Friends, loved ones, and fellow union members gathered in Greeley Sunday to remember the six JBS employees who died due to COVID-19. The memorial event was held by the United Food and Commercial Workers Union Local 7, which represents many employees at the meat packing plant.
The JBS plant in Greeley was home to one of the state’s earliest and largest coronavirus outbreaks. Since the beginning of April, 281 employees at the plant have tested positive for COVID-19 and 6 have died. According to state data, one employee from the corporate office also died....
“They had a name, they had a face, they had a heartbeat, they had a soul,” said Kim Cordova, president of UFCW Local 7. “We should never let anybody forget what happened to these workers.”
“Employers like JBS must answer for not protecting its vulnerable workers,” said Jorge Montiel, an organizer with the Colorado Industrial Areas Foundation. “City and county and state officials must answer for not ensuring our public health.”
Mountain Voices Project Launches 'Landlord/Tenant Housing Recovery Plan' to Prevent Tsunami of Summer Evictions in Aspen
Longtime local resident Maria works in housekeeping and lives in a shared mobile home in El Jebel. She said she’s worried about paying her $300-a-month rent this summer....“My life is very simple,” Maria said. “I work, work, work, and now with the quarantine we can't even work, so financially, coronavirus has really affected me.” ....She recently received $950 in financial support from local nonprofit MANAUS. “Thank God right now I have enough to get by,” she said. “It just comes down to me having to really stretch that… this month I do have the money to pay the rent, but I don't have it for July or August."
On Thursday.... Mountain Voices Project ... propose[d] the “Landlord/Tenant Housing Recovery Plan” [with] over 160 local leaders in attendance, including representatives from nonprofits, schools and faith-based institutions as well as several Pitkin, Eagle and Garfield county commissioners.
The housing recovery plan involves creating a fund backed by local governments and private donors to support both landlords and tenants. The meeting last Thursday was the first step in getting local institutions, philanthropists and counties to consider coming together and working towards a common goal. Those in attendance were encouraged to take the proposal back to their respective organizations ahead of the next meeting, which is scheduled for later this month.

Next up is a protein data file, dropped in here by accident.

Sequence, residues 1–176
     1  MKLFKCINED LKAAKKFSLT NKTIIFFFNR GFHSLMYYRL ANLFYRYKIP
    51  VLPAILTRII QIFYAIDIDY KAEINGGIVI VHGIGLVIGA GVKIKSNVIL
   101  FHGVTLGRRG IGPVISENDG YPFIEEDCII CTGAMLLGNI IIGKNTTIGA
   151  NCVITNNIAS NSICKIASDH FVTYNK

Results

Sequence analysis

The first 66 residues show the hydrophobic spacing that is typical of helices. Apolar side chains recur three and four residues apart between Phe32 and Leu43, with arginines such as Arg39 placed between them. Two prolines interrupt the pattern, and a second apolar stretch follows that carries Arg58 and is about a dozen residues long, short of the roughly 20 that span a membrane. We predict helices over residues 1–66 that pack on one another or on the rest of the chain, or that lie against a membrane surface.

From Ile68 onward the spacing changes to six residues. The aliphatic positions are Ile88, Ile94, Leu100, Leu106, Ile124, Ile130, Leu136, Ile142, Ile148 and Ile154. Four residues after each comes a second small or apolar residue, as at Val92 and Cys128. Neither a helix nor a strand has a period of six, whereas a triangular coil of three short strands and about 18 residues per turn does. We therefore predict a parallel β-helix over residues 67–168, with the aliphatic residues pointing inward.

[Photo Credit: Eleanor Bennett, Aspen Public Radio]
Local Organizations Take Steps To Prevent A ‘Tsunami Of Evictions’ This Summer, Aspen Public Radio [pdf]
[Photo Credit: Nathan W. Armes/Chalkbeat]
Comcast has made its low-cost program, called Internet Essentials, free for two months to families that qualify for programs such as food stamps or subsidized school lunches. But....undocumented families may not have the identification required to sign up for free internet service or may not feel comfortable providing it.
“We want to work with you to ensure equity of access for all of our students,” said a letter that the advocacy group Coloradans for the Common Good sent to Comcast executives Monday. “We hope to meet with you as soon as possible to discuss potential solutions.”
The letter was signed by faith leaders and the president of the Colorado Education Association, as well as the presidents of several local teachers unions, including Denver and Jefferson County....
To sign up for Internet Essentials, Comcast asks for a Social Security number. If a person doesn’t have one, Comcast instructs that person to take a picture of themselves holding their identification or to bring that identification to a company store.
Emilio Ramos, a social worker who works at two Denver elementary schools, said he’s heard from families where the parents are undocumented and don’t have a Social Security number.
He said parents are afraid that if they admit they’re undocumented and also provide their photo and personal information, that information could be flagged in Comcast’s system and shared with the government, making them a target for arrest or deportation.
Originally, the free internet was available to families who signed up by mid-May. Comcast has extended the deadline to June 30, a step praised by Coloradans for the Common Good, the coalition of labor union and faith leaders that pushed for the change.
Press Conference Video, Coloradans for the Common Good
In an attempt to bridge the gap between renters and landlords, as well as the banks that play a critical role in the housing market, Anderson has joined forces with Coloradans for the Common Good, which describes itself as "a broad-based, non-partisan network of organizations, affiliated with the Industrial Areas Foundation — the oldest and largest community organizing network, organized for ordinary people to have a powerful voice in the decisions that affect their lives and communities...
“Even during normal times, it’s not unusual for someone to spend 50% to 60% of their monthly income on housing. But now, that’s untenable,” said the Rev. John Anderson of Trinity Presbyterian Church in Arvada.
“In 2008, taxpayers bailed out financial institutions,” Anderson said. “So banks are in a strong enough position today to help take the lead on this solution. And if landlords were given help with their mortgages, then they also ought to — in return — help their tenants.” He added that he hoped landlords and banks would contact the coalition, Coloradans for the Common Good, but that there was no active effort to push for an executive order or legislation to mandate the group’s goals...
[Photo by twinsterphoto]
Faith-labor coalition calls for keeping people housed during pandemic, CP Colorado Politics [pdf]